Official speeches and statements - March 7, 2019
European Affairs Minister Nathalie Loiseau will be in London on March 7 to address members of the French community in the United Kingdom, one of the largest in the world (147,000 enrolled in the registry of French nationals residing outside France). The Minister will specifically reaffirm her commitment to preserving the rights of European nationals living in the UK after Brexit.
During her visit, Ms. Loiseau will meet Stephen Barclay, the British Secretary of State for Exiting the European Union. They will discuss the status of talks on the UK’s withdrawal from the EU. Ms. Loiseau will reiterate on this occasion that while there is no question of reopening the withdrawal agreement, France and the EU may discuss clarifications to be made, notably in the political statement on future relations between the EU and the UK. Furthermore, if the UK should request an extension in the negotiating period, we could only accept it if there is a clear and credible vision going forward.
The Minister will also meet Keir Starmer, a Labour MP and Shadow Brexit Secretary, and Conservative MP Dominic Grieve. They will discuss British parliamentary deadlines.
During this trip, Ms. Loiseau will open the Franco-British Summit of Mayors with Communities Secretary James Brokenshire. This event, the principle of which was agreed upon in January 2018 at the bilateral Sandhurst summit, is designed to allow mayors and local elected officials to develop new partnerships to respond together to the very similar challenges we are facing on both sides of the Channel.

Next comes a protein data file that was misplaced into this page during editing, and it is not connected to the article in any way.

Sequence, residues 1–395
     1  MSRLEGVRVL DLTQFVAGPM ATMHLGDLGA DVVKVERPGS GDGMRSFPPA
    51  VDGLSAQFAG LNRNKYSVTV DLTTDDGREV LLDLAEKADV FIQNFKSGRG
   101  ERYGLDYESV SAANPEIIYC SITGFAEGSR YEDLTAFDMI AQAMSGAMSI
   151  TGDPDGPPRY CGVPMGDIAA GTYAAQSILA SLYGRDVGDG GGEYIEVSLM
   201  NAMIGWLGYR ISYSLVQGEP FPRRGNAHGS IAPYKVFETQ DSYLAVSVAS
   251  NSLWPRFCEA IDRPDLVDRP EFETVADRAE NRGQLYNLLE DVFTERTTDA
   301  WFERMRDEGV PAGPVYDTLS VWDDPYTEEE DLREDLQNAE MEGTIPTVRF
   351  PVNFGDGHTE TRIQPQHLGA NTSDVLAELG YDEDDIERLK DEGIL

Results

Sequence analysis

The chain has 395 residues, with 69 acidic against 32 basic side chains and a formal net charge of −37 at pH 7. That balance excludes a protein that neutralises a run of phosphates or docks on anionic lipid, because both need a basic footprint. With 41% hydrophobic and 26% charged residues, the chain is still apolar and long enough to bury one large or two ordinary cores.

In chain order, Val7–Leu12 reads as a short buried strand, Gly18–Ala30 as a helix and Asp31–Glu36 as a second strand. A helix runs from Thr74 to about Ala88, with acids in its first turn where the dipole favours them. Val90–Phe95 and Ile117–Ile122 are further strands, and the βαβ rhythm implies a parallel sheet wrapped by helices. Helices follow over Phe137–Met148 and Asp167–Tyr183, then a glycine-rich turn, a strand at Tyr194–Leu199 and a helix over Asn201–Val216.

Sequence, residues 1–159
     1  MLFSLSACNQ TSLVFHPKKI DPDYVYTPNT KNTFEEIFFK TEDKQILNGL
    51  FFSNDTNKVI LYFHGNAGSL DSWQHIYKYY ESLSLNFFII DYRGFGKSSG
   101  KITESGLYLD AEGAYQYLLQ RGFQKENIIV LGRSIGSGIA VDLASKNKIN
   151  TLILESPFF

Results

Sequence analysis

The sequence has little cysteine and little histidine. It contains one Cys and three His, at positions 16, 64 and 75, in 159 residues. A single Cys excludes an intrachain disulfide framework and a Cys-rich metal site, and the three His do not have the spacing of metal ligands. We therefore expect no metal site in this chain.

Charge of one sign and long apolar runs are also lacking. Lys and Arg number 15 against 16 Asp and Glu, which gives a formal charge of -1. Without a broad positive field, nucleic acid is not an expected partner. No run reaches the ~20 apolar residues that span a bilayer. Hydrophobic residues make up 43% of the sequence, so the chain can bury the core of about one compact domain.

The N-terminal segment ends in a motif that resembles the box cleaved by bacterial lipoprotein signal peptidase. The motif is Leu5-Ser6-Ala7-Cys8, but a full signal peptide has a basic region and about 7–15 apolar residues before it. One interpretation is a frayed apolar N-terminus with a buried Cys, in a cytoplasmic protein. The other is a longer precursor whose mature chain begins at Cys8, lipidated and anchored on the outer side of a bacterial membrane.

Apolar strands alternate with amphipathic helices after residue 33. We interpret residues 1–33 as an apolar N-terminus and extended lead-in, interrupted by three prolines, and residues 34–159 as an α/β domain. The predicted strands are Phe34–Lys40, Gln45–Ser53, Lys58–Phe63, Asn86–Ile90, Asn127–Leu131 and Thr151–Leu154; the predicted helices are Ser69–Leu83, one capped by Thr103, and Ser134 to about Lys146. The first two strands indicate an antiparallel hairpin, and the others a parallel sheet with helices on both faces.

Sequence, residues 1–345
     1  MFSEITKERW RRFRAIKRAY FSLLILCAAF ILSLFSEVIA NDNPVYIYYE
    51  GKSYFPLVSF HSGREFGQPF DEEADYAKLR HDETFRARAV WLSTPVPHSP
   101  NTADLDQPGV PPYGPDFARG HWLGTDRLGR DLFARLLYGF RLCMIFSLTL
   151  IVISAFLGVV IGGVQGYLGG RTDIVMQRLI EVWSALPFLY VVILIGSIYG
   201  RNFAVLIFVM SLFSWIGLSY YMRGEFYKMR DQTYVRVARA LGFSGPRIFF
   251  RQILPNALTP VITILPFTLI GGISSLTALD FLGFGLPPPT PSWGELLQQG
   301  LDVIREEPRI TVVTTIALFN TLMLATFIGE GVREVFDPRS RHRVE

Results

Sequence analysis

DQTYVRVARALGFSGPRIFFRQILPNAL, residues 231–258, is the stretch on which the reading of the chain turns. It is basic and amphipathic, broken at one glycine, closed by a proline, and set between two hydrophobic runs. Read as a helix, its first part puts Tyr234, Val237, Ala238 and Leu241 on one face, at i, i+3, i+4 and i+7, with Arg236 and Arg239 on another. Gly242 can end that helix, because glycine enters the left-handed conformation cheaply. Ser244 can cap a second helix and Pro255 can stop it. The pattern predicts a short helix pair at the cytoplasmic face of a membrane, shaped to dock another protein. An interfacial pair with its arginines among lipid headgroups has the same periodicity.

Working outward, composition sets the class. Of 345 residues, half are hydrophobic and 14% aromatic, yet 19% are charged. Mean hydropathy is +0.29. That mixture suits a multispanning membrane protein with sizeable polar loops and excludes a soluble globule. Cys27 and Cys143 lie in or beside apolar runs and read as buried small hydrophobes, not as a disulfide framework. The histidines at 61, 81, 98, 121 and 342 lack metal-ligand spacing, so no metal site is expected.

Finally, Ms. Loiseau will deliver a speech on Brexit, the future of the EU, and bilateral relations at the London School of Economics, one Britain’s major universities. (...)
Just a few words in my national capacity before the consultations that we are about to have on the chemical dossier in Syria. Maybe one or two very brief remarks about it:
The first is to underscore the importance of these consultations and the first message I will pass on to my colleagues at the beginning of the meeting is that it’s not about scoring political points here, it’s not about playing tactical games, today is really about fighting together against the risk of use and proliferation of weapons of mass destruction. And this is at the very core of our responsibilities at the Security Council. I think it is very important to say it time and again, even publicly today, to make sure that the members of the Security Council, beyond their differences that we all know about, are ready to assume what is at the heart of their responsibilities.
Number two, on the substance of things, as you all know it is not an easy issue, but we really hope for substantive and interactive exchanges following the presentation by Izumi Nakamitsu. Establishing the circumstances and the responsibilities of the use of chemical weapons is absolutely imperative to fight impunity. This is the case in Douma in particular, after the release of the OPCW report. Perpetrators of such horrendous actions need to be identified and face the consequences of their actions, and the OPCW investigation and attribution mechanisms, whose work is crucial, need therefore our full and collective support.
This is the strong commitment that I want to reiterate today, again in my national capacity, and that I will of course reiterate in front of my colleagues.